Posted on Wednesday, 20th October 2010
The thing that has always put me off about going to Barrafina, a Spanish tapas restaurant owned by Sam and Eddie Hart (the brothers who also own Quo Vadis and Fino), is the fact that you have to queue for a seat. Whenever I’ve walked into Barrafina and asked them about the waiting time, the standard response has always been 40-45 minutes. This is why I have never eaten at the restaurant even though it has been opened for a number of years.
Well I finally decided to brave the queue. Even with an early 6.15pm arrival, the wait still ended up being an hour, the boredom of which was alleviated only by the fact that you can order drinks as you stand in line. By the time we were seated, not only was I starving, I was also a little irritable after having stood for so long. But eating at Barrafina made it all worth while. It was like an epiphany, and I now understand why the crowds come back again and again and endure this exercise in patience. It’s simply because the food is so damn good.
To get us going were ham croquetas (2 for £3.50). The filling was made up of a decadent, runny béchamel sauce with ham that oozed deliciously as you broke into the crispy breadcrumb casing. These were scrumptious. Gambas al ajillo (£7.70), prawns with garlic, were moist, tasty and aromatic from the garlic.
A dish of octopus with capers (£8.80) was gorgeous. The octopus was meltingly tender, and the acidic and salty nature of the capers heightened its flavour. However, the octopus itself could have done with a touch more seasoning.
In contrast, the prawn and piquillo pepper tortilla (£6.70) was over seasoned. The combination of the prawns, potatoes, eggs and peppers were well balanced and worked well together. I enjoyed the tortilla, but I would have enjoyed it more had it been less salty.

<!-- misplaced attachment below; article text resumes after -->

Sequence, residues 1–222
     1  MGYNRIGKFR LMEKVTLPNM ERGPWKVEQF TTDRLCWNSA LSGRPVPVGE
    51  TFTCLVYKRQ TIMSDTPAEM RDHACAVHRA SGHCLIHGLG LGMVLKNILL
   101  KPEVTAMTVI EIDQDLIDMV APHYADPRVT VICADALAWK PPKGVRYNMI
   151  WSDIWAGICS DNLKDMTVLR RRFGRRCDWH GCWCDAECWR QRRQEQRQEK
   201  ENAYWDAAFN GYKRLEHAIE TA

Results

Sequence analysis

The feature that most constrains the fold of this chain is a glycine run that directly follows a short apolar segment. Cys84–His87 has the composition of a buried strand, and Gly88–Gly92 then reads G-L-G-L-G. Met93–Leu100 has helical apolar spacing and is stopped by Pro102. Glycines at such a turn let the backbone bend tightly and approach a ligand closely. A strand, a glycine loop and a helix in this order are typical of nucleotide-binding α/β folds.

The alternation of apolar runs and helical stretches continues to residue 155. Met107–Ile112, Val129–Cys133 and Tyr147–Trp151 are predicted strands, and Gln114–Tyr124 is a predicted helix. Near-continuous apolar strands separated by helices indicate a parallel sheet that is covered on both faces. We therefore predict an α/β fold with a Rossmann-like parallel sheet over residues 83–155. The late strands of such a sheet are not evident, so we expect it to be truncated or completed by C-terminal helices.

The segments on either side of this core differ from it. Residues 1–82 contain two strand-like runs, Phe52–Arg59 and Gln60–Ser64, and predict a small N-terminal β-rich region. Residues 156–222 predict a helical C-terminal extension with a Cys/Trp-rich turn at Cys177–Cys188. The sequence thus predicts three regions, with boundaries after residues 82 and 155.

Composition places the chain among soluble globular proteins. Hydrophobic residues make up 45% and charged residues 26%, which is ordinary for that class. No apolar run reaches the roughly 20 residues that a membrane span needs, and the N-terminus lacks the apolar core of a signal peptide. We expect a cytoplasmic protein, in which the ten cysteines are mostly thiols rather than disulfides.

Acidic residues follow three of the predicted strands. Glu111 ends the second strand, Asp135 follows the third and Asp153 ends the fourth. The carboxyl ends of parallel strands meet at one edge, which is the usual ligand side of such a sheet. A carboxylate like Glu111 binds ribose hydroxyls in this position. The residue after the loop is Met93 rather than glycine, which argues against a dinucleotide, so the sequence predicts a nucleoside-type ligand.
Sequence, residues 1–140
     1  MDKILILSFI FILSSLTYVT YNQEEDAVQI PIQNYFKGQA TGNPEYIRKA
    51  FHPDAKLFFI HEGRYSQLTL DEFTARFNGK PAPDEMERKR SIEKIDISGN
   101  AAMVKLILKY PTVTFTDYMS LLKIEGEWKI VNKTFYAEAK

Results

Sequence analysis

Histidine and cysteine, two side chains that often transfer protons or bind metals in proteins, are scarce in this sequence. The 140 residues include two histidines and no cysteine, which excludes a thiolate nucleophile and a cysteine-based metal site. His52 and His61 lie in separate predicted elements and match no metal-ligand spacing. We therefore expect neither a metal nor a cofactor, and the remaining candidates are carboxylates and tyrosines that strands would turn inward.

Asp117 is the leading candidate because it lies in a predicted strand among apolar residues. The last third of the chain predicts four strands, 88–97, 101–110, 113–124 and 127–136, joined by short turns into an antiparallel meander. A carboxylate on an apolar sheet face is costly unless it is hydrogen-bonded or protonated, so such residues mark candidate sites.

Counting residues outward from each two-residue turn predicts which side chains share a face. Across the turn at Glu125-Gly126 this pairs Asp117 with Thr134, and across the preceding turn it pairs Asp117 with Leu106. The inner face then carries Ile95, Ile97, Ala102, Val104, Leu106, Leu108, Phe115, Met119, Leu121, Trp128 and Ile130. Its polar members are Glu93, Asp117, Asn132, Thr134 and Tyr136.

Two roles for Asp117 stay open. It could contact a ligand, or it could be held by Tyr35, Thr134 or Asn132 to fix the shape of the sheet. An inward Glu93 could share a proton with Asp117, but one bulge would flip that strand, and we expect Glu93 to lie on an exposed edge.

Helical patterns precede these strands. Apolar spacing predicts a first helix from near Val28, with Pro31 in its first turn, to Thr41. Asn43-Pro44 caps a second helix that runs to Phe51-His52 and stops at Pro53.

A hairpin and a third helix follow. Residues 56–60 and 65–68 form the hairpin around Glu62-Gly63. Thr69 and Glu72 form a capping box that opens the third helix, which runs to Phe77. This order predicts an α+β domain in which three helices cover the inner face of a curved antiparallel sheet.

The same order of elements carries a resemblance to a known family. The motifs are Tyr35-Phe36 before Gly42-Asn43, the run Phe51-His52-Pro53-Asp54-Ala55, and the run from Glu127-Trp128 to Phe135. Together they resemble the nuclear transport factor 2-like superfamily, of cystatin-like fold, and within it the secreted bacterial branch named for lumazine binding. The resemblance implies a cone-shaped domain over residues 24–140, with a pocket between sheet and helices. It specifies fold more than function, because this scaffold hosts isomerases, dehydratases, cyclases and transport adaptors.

From the specials of the day – razor clams with garlic were divine. Razor clams can be chewy if overcooked, but these were cooked just right. Nicely seasoned, the hint of garlic worked a magic on the clams.
Grilled quail with alioli (£6.70) was cooked to perfection. The skin was crispy, and the flesh was moist and succulent. The alioli was creamy and smooth, and its subtle garlic flavour did not overpower the delicate sweetness of the quail.
Grilled lamb cutlets (£9.80) were tasty. But the cutlets were very thinly sliced meaning they ended up being well done rather than medium rare. The parsnip puree was creamy, but a little heavy and a touch too salty. This was a decent dish, but I probably wouldn’t order it again. I also thought that £9.80 was a little pricey for two small pieces of meat.
To dessert, and I went for the Santiago tart (£4.50), a crushed almond tart, which was absolutely sublime. The filling was decadent, light and moist, so moist in fact that I was surprised that the tart held together. The pastry was also light and flaky. This was heaven on a plate and it set my taste buds alight.
The service was pleasant, although as you sit at the counter facing the kitchen, there wasn’t that much serving to be done.
The décor at Barrafina is funky and tasteful. But the restaurant is also quite noisy, and the bar stools were designed so you don’t want to sit there for too long.
The food at Barrafina is just soooo good. It sings of freshness, quality and skillful cooking, even if there were occasional bouts of over seasoning. Barrafina was a classy act and I can’t sing its praises enough. The whole time I was eating, I was awash with the desire to keep ordering as I just wanted to try more and more off the menu. Now that I’ve discovered the joy that it brings, I find myself absolutely hooked. No doubt I’ll be joining that dreaded queue again.